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UK state school outsources maths teaching to India September 10, 2010

Posted by Alex, Managing Director in Uncategorized.
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An interesting story we spotted on the front page of the Times Education Supplement today:  Ashmount Primary in Islington, north London, are running a pilot scheme with their Year 6 pupils, providing them with one-to-one tuition using teachers based more than 4000 miles away in India.

Each Ashmount pupil is given a headset and can interact with their teacher while following their instructions on screen. It costs the school £12 per hour, per pupil.

The service, called Brightspark Education, was set up by UK-based businessman Tom Hooper; his company employs more than 100 Indian -based tutors full-time, all of which are maths graduates with teaching experience.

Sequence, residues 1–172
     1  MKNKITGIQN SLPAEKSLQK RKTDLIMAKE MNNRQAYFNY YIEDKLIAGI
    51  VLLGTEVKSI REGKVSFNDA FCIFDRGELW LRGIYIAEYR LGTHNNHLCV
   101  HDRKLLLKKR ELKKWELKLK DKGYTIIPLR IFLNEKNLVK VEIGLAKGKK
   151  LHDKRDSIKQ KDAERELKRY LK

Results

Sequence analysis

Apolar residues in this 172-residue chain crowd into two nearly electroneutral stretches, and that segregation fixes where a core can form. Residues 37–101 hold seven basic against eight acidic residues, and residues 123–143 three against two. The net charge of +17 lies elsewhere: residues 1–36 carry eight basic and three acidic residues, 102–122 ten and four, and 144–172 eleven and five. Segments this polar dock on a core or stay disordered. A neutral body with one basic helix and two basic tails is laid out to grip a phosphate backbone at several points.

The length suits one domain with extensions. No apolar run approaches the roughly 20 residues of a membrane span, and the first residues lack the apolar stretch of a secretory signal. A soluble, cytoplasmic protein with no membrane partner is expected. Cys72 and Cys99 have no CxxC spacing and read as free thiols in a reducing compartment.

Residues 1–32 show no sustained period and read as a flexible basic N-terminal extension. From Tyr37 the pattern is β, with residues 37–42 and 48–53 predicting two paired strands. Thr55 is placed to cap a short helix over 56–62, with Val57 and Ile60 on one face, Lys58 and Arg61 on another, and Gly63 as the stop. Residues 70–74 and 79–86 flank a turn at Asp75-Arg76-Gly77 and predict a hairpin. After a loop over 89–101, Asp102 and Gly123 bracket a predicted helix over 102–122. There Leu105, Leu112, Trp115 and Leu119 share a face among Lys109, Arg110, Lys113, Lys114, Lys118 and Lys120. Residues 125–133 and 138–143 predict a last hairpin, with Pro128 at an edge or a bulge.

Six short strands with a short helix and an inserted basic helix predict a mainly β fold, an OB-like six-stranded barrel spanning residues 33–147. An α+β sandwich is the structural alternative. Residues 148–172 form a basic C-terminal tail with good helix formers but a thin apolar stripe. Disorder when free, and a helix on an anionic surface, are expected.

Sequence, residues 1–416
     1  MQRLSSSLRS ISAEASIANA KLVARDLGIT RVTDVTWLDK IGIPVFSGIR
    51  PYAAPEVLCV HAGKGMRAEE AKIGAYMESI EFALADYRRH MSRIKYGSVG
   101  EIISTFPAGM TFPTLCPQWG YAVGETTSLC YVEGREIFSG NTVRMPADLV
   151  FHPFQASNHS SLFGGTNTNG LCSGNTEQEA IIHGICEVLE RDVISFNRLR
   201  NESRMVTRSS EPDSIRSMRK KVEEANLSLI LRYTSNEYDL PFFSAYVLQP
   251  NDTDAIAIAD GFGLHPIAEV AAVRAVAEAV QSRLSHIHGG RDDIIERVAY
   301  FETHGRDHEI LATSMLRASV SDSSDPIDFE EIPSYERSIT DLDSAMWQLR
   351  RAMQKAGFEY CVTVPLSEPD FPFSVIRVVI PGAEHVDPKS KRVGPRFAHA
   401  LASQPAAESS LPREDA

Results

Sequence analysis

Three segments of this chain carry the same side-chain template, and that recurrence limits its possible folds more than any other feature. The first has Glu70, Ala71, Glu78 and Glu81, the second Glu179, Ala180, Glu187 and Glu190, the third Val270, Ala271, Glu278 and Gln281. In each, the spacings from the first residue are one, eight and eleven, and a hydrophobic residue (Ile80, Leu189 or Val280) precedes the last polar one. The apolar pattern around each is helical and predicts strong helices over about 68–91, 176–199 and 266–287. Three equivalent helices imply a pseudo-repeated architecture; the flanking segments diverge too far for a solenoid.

Dylan Williams, director of London University’s Institute of Education, predicts the idea could become more mainstream.

“I am sure that this will become commonplace in time. If brain surgery can be done remotely, why not maths teaching?” he told the TES.

You can read the article in full on the TES website here.

To us, the idea seems a good one in principle. Outsourcing via headsets obviously works – the school reports the pupils learning of the subject has increased enough for them to roll the programme out to the whole of the year, and perhaps other Years 4 and 5 too.

But doesn’t the cost seem a bit prohibitive? £12 per hour per pupil; perhaps £360 for an hour’s maths tuition for a full class? Couldn’t they find a decent maths tutor for that amount to actually stand in front of the pupils and teach?

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